2016 was warmer and wetter at grain-fill than 2015, creating near-record yields
While the 2014 crop year had near-normal emergence rates, in 2015, emergence was earlier than average. In contrast, overall emergence in 2016 progressed steadily across the time period. The rate at which the corn plants were silking in 2016 was similar to 2014 and 2015, and all the rates were slightly greater than the 5YA. In contrast to 2014 and 2015, when rains mostly tapered off to maximize pollination, in 2016, rains were plentiful during grain-fill, resulting in minimal drought areas.
In contrast to the cool weather during the grain-fill period in 2014 and 2015, 2016 was very warm, inhibiting maximum starch accumulation. However, the heat during the 2016 period was not accompanied by drought, and was primarily caused by high night temperatures. Harvest progress in 2016 is similar to the 5YA. While harvest in 2015 had a slow start, it quickly surpassed the 5YA, in contrast to 2014, which was delayed by multiple weeks of rain and freezing temperatures.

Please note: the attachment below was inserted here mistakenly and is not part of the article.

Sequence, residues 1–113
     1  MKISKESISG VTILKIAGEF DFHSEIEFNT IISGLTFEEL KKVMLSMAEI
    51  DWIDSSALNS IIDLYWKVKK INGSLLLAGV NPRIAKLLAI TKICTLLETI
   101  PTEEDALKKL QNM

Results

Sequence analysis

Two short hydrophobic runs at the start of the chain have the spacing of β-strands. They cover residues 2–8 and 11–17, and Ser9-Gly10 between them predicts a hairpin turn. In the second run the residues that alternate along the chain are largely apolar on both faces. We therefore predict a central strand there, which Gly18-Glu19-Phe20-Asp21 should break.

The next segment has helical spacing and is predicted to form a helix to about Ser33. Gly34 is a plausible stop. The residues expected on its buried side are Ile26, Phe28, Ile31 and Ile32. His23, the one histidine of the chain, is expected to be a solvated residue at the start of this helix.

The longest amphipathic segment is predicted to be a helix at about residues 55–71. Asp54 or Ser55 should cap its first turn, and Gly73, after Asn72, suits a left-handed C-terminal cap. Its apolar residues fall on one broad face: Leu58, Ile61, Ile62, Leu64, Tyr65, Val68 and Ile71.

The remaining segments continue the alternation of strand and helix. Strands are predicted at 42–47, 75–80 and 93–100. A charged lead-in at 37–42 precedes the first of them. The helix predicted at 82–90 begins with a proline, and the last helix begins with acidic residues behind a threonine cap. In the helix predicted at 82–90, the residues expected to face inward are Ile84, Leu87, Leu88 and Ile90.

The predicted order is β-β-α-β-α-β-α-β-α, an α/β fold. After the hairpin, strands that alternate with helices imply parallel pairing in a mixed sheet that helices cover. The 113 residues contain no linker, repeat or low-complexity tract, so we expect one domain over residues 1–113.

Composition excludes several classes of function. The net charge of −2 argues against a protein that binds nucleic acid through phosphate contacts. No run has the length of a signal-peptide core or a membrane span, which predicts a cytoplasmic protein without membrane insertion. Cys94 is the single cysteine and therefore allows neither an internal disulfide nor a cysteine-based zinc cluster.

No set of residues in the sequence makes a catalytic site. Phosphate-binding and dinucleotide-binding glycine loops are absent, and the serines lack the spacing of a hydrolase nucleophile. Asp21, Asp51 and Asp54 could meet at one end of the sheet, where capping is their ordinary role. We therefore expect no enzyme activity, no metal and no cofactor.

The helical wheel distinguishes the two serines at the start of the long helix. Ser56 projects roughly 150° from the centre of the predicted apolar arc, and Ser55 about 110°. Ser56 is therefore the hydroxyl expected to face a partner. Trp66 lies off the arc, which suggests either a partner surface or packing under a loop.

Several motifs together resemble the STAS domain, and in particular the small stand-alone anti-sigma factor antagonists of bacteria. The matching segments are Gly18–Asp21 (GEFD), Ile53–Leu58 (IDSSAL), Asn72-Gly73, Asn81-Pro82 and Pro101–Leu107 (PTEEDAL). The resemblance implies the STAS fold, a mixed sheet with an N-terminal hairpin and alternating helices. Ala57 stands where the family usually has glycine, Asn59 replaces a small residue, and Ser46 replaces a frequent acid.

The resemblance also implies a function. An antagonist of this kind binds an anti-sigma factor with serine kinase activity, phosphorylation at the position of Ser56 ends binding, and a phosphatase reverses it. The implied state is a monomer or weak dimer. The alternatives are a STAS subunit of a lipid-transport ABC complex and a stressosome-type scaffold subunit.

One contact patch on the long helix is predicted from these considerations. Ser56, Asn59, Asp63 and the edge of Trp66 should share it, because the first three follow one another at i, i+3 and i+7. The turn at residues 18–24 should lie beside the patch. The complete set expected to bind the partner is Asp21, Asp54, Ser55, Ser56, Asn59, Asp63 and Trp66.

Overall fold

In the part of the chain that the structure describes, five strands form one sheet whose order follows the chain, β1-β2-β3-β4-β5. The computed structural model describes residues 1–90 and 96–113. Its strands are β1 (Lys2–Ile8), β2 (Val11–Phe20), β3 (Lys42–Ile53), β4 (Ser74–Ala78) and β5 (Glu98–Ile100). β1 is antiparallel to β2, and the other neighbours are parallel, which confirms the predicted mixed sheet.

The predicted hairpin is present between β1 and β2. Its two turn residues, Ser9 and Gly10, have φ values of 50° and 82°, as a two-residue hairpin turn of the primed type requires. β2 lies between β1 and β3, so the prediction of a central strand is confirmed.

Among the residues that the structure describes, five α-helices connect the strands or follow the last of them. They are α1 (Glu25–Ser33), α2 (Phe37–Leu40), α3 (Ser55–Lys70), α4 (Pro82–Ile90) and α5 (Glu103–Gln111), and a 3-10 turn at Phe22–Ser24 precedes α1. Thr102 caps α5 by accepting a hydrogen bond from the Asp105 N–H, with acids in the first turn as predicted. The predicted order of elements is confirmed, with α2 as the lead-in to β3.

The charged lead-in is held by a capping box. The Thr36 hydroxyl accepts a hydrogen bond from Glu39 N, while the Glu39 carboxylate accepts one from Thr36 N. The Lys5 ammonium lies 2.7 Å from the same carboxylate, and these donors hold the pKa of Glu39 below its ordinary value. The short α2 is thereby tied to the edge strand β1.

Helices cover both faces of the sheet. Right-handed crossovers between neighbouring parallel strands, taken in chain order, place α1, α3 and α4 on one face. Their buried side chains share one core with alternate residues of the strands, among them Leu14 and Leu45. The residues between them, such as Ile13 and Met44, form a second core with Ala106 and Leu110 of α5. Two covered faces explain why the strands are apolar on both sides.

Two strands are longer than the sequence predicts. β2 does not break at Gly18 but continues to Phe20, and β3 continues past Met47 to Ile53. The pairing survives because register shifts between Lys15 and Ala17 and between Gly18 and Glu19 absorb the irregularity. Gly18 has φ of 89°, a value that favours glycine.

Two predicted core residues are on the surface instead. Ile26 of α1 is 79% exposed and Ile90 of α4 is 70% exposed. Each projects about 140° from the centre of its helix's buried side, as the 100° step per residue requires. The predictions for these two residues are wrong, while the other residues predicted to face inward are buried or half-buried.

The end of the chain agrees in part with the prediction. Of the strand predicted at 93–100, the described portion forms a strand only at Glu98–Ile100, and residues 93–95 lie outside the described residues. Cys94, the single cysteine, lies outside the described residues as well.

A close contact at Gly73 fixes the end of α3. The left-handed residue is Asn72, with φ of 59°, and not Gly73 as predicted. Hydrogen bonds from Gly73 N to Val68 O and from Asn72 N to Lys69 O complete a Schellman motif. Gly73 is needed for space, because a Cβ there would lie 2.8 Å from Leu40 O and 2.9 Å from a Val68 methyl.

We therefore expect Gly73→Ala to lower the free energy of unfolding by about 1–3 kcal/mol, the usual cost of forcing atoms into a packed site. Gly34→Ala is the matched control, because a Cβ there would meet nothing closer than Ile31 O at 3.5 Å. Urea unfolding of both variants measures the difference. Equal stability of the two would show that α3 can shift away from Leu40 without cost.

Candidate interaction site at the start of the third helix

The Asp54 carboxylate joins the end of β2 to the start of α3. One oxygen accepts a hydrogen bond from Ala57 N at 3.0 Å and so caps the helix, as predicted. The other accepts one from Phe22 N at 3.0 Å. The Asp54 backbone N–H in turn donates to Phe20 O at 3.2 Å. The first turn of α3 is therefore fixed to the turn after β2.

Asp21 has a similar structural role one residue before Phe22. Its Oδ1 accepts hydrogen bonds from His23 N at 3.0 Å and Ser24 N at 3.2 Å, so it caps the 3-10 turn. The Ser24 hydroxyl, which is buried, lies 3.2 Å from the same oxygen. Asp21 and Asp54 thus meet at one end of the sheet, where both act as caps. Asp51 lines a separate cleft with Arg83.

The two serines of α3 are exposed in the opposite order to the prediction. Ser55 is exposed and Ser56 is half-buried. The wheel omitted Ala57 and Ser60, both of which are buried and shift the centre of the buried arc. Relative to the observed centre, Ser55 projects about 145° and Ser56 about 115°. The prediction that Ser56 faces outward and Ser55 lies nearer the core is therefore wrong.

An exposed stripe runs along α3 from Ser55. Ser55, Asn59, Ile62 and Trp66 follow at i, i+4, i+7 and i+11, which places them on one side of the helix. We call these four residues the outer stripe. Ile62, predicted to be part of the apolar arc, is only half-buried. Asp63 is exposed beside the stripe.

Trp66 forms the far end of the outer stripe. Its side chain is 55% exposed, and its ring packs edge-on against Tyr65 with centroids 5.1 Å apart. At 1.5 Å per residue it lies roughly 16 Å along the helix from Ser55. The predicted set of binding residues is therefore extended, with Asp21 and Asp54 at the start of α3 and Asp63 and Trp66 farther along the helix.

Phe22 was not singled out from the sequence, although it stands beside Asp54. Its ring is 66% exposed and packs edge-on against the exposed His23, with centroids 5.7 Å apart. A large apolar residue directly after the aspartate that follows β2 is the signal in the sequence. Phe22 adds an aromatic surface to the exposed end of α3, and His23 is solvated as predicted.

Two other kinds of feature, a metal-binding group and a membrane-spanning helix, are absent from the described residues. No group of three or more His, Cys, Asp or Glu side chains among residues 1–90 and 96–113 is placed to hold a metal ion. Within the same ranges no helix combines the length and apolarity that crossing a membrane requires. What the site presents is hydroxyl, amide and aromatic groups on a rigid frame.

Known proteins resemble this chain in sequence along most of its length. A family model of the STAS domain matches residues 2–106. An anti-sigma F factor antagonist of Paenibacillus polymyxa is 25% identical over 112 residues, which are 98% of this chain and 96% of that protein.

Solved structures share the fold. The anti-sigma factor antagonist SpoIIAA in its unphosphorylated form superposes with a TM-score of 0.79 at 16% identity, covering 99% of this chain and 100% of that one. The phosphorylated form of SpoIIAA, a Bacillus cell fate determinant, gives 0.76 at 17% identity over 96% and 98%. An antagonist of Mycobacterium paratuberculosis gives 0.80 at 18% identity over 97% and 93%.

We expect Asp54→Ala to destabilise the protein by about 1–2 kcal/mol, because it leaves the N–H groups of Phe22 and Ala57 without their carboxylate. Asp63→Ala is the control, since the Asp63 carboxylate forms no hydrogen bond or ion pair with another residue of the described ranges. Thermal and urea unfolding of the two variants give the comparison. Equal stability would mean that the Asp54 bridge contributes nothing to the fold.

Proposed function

Throughout much of 2016, the corn crop had a near 75% Good or Excellent condition rating, signifying good plant health, leading to greater than average photosynthesis, kernel size, and yield. This high rating was similar to 2014, which produced a record yield, and only slightly greater than 2015. In contrast, poorer growing conditions in 2011 through 2013 are reflected in the decreased 5YA, as shown on the graph. The corn crops in 2013 and 2011 were less healthy than 2014-2016, due to heat and drought. Additionally, in 2012, the severe drought and heat wave rapidly decreased the crop condition, starch accumulation, and yield, but increased grain test weight and protein concentration.